Picture this: It's one of the first sunny, warm days of spring and I'm in my garden doing what I love to do--getting dirty. In my hand I hold tiny lettuce seeds and in my mind I dream of tender baby green salads. Then Mother Nature takes a deep breath and my precious seeds scatter to the wind. Score: Mother Nature, 1; me, 0. This frustrating situation could've been avoided if I was only using seed tape.
WTH is seed tape?
Seed tape is a strip of thin, folded paper (usually 1-2 inches wide) that holds seeds. The tape is planted directly in the ground.
5 benefits of seed tape
1. Makes the handling of small seeds easy. They won't blow away in a stiff wind (see above) and they are easier to space.
2. Because the seeds are easier to space, there's no thinning of your plants. Most gardeners can't help but sow seeds too densely--especially small seeds such as carrots, radish, and lettuce. As the plants begin to grow they need to be thinned once they're a couple inches high to prevent overcrowding.
Also, by not having to thin the plants, you'll waste fewer seeds.
3. Perfectly straight rows. OCD gardeners rejoice! By using seed tape you can have compulsively straight rows. Straight rows are especially important for small garden spaces as they optimize the growing space.
4. Making DIY seed tape is a great winter gardening project that gardeners can do during cold months. (It's been known to cure cabin fever.) Using seed tape can expedite spring planting.
5. Prevents seeds from washing away. Because the seeds are not only protected by the soil but also by the tape, they are less likely to wash away in a rain storm.
8 simple steps to make your own seed tape:
Seed tape can be purchased at almost any place that sells seeds. However, the advantages to making your own is that you aren't limited to only the seed varieties that are sold at the store, and it's a fun DIY project.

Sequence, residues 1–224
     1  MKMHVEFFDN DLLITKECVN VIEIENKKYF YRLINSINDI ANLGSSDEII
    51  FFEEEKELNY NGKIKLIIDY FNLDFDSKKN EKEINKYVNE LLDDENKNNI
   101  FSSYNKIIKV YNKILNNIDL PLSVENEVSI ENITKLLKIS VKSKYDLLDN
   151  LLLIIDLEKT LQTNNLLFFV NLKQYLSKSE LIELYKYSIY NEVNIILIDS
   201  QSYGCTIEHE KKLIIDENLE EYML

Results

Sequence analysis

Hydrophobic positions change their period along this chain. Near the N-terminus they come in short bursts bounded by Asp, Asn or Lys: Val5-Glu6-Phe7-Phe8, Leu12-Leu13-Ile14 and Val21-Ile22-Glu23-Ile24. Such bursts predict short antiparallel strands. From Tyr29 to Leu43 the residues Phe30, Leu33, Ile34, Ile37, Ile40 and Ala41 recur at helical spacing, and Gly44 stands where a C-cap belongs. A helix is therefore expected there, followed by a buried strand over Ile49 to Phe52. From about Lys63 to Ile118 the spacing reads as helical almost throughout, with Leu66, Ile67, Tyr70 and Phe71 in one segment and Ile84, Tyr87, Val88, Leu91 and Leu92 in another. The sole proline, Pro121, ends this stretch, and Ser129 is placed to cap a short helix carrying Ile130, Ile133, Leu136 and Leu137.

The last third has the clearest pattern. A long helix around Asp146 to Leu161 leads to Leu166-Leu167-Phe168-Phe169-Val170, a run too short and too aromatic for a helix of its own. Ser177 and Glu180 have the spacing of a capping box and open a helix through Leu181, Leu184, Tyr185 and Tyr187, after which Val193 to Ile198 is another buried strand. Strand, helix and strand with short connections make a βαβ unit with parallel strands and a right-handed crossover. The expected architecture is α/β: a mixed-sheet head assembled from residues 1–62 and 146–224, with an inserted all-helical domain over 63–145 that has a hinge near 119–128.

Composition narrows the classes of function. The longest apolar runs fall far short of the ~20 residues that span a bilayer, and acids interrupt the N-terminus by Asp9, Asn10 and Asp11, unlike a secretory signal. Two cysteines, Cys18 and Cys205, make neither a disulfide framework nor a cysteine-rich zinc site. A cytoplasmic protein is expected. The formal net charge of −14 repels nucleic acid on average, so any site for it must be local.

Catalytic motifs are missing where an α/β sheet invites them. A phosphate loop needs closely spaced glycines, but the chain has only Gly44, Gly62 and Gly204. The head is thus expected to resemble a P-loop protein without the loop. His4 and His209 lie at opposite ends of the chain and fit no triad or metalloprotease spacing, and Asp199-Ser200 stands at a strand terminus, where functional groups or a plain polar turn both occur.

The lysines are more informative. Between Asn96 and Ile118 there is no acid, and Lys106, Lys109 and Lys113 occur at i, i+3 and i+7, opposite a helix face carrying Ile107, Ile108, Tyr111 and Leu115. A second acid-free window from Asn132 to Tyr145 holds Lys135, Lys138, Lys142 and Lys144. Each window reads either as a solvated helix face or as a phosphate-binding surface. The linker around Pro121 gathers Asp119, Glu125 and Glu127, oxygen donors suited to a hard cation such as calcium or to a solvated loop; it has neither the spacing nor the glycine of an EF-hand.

1. Gather supplies. You'll need toilet paper (1 or 2 ply) or other thin paper such as newsprint or tissue paper, flour, water, seeds, and a Q-tip or old paint brush. (If you don't have Q-tips or a paint brush on hand, your finger will work fine.)
Also gather any kiddos who happen to be hanging around. This is a fun, messy, hands-on project that kids are sure to love, and it gets them involved in gardening.
2. Cut TP to desired length and width. The length of your seed tape strip is determined by how long your garden beds are. For example, if your raised beds are five feet long, then your seed tape strip should be five feet long. Don't worry about this too much because you can always trim the seed tape if it's too long.
Once your TP is the proper length, cut it lengthwise to make thinner strips. An easy way to do this is to fold the TP in an accordion fold (like you're making paper dolls) and cut it. This avoids having to cut a straight line that is five feet long.
3. Using a pen, mark seed spacing on the TP. For example, if you're planting beet seeds, mark every five inches; for carrot seeds, mark every three inches.
4. Make glue. Using equal parts flour and water, mix up a glue that is the consistency of school glue paste or buttercream frosting.
5. Using the Q-tip, paint brush, or your finger tip, dab a chocolate chip sized drop of glue on the TP at each pen mark.
6. Nestle one seed in each drop of glue.
7. Fold the seed tape over on itself. This traps the seeds inside and makes a thinner strip. Here's where the flour glue comes in handy; it helps the TP stick to itself.
Allow seed tape to dry and label each strip.
8. Once dry, roll up your seed tape and place in a zip top plastic bag. Store it in the fridge. As long as the seed tape isn't exposed to moisture the seeds will remain dormant and not sprout.
Tips for planting seed tape
Drag the top end of a rake handle (or spade handle) in the soil to make planting rows.
Make sure that all of the seed tape is buried. If an end is sticking out, then a bird may pull on it and unearth your whole strip of tape.
Seed tape can be used in container gardening as well. Trim the strip to fit the width of your planter. Seed tape is a great option for long, narrow window boxes.
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photo of seeds and seed tape via Shutterstock